At the centre of the plot is Roy Farran, a Second World War hero and among the most highly decorated officers in the British Army. Farran, who later took to describing himself as ‘a relic of Kiplingesque times’ was undoubtedly a courageous soldier and a skilful exponent of irregular warfare. Cesarani provides a lengthy account of his wartime activities, testifying to a ruthlessness in battle, which Cesarani characterises as ‘mercilessness towards his enemies’ (p. 66). By way of evidence, Cesarani refers to a ‘killing spree’ (including the killing of prisoners) which Farran is alleged to have embarked on in Cyprus in 1941 (p. 8) and his unconventional exploits with the Special Air Service (SAS) in Italy, France and Greece. Farran’s successes, which included an operation northern France in August 1944 in which his 60-strong SAS unit inflicted 500 German casualties, earned him a second bar for his Military Cross, the Distinguished Service Order, the French Croix de Guerre, and a reputation for recklessness that included the capacity for open disregard of orders. ‘He was a buccaneer’, concluded Major Victor Dover, the adjutant of the 1st Parachute Brigade responsible for a special forces training course that Farran undertook in 1943, ‘and always gave me the impression that he was born three centuries too late’ (p. 73).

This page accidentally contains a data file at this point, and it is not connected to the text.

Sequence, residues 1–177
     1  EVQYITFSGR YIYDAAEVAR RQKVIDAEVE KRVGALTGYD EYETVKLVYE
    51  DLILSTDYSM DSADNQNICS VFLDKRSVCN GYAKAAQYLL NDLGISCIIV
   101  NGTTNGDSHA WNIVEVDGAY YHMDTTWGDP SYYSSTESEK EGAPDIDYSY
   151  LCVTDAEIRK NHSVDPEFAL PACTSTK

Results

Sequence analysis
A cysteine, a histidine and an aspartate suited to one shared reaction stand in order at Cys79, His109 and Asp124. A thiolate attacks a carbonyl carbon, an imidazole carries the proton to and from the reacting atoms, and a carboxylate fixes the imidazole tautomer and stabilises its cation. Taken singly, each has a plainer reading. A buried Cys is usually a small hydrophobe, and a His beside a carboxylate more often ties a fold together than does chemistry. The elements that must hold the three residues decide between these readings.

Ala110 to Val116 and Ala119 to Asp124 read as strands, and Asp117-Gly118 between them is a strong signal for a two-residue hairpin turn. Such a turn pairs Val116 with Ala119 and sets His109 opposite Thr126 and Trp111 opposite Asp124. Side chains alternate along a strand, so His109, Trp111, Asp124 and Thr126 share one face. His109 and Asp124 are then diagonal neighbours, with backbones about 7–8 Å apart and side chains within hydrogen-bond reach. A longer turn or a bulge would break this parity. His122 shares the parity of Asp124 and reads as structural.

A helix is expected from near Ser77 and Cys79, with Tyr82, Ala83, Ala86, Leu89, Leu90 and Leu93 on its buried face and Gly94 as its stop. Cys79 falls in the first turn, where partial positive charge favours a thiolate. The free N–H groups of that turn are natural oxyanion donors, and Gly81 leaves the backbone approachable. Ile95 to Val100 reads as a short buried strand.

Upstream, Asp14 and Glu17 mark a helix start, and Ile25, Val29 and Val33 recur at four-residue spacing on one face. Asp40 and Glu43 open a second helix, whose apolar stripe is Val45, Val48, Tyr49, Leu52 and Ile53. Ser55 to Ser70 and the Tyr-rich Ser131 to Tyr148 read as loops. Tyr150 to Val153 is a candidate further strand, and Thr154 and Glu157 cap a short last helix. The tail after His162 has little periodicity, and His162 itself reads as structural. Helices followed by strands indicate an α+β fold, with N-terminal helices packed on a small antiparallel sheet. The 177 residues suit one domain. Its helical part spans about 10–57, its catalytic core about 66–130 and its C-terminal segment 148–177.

The transition from war to peacetime was a difficult one for Farran. After a period of depression and boredom following VE Day, he rejoined his old regiment, the 3rd King’s Own Hussars, and in October 1945 found himself in Palestine. There is persuasive evidence that Farran arrived in Palestine with no strong feelings or prejudice in relation to Jewish or Zionist matters. However, as Cesarani notes, ‘In the course of one blood-soaked year he was embittered by the nature of the war the [Jewish] underground waged on the British security forces’ (p. 81). Frustrated by what he regarded as the ineffectual policy of the British Government and disgusted by the failure of the Yishuv to take a meaningful stand against the Irgun and Stern Gang, he left Palestine in August 1946. In March 1947, however, the War Office ordered him to return to Palestine and put his specialist knowledge of guerrilla warfare techniques at the disposal of the Palestine Police.